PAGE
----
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Tremont Institute receives grant for solar eclipse education program

tremont institute
Tremont Institute in Great Smoky Mountains National Park. Image by Jeaneane Payne.


TOWNSEND, TN — Tremont Institute has received a $7,000 grant from the First Tennessee Foundation. The grant will be used to give underserved high school students and opportunity to participate in a Solar Eclipse Education Program.

Tremont Institute will provide the students with the chance to experience the solar eclipse while living and learning in Great Smoky Mountains National Park. Students will also have the ability to use their new knowledge to educate and serve park visitors from around the country during the eclipse. This program will provide students with a unique academic opportunity prior to applying for college; therefore, Tremont Institute and First Tennessee Foundation may shape the future academic and career outcomes of youth from local, underserved communities.

In addition to Tremont Institute, contributors to this project include the National Park Service at Great Smoky Mountains National Park, NASA, University of Tennessee, and the Corporation for National and Community Service. The National Park Service, in conjunction with NASA, will provide outreach for the event. University of Tennessee is providing $5,000 of work to assess the outcomes of the project. Meanwhile, the Corporation for National and Community Service will contribute approximately $3,600 for additional outreach, curriculum development, and administration using an AmeriCorps VISTA grant received by Tremont Institute.

“This August, the Smokies will experience a total solar eclipse, a once-in-a–lifetime opportunity. We are thankful for the generosity of the First Tennessee Foundation whose support will provide scholarships for local underserved high school students to attend a special educational solar eclipse program at Tremont Institute. In addition to learning about the eclipse and conservation issues, the students will also receive leadership training and serve as park docents during public eclipse events in the national park. Through the support of our partners, Tremont Institute is inspiring and educating future generations of leaders, scientists, and stewards,” said Jennifer Jones, PhD, and Tremont Institute President and CEO.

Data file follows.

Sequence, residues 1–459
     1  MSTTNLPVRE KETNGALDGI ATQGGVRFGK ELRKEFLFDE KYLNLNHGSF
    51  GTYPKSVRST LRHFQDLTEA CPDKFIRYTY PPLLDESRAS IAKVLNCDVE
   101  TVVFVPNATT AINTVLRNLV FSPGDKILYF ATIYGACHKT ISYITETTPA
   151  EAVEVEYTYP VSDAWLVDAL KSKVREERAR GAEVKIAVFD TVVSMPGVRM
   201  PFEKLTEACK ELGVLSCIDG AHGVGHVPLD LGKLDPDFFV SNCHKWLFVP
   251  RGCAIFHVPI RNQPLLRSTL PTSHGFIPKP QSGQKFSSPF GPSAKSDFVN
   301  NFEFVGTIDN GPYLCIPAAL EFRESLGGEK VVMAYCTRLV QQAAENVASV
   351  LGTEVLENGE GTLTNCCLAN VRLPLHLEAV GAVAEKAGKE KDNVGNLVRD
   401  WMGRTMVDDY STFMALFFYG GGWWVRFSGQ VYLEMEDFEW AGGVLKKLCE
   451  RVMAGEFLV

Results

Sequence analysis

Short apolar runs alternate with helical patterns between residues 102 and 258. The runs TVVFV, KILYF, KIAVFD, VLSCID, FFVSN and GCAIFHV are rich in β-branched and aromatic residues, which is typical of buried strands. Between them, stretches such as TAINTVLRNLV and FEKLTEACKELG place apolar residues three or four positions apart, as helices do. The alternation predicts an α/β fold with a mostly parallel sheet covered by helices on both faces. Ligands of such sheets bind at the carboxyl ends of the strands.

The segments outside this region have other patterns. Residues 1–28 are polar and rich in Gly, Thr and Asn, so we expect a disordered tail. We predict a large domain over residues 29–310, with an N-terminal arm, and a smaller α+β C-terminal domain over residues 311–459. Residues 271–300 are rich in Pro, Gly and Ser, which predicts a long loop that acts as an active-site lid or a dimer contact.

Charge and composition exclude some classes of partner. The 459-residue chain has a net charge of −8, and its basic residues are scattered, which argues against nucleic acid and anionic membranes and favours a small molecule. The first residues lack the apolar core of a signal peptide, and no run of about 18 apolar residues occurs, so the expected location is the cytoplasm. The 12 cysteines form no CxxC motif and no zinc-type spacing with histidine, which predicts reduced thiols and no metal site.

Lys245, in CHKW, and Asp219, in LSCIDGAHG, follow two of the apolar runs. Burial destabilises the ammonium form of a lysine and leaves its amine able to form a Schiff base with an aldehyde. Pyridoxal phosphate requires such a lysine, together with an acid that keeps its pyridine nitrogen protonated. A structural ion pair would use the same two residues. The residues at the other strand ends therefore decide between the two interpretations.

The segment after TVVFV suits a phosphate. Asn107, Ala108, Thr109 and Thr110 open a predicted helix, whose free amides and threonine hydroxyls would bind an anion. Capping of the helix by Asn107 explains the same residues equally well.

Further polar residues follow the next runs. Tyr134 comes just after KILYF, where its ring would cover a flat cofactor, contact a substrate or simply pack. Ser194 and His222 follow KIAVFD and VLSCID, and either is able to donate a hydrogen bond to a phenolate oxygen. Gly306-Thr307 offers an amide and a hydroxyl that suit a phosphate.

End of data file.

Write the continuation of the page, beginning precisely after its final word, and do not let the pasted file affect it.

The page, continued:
Great Smoky Mountains Institute at Tremont has provided hands-on education through local, personal, and relevant programs within the 500,000-acre classroom of Great Smoky Mountains National Park since 1969. For many students, it is their first opportunity to learn outdoors, participate in hands-on science, and explore a national park. With a mission of “connecting people and nature”, Tremont Institute is able to develop a personal connection between participants and nature and increase interest in science learning. They accomplish this through direct interaction with participants on their campus and the training of teachers within the community. In recent years, Tremont Institute has made it a strategic priority to provide these experiences for underserved communities in order to make meaningful education for all people.

Published May 23, 2017

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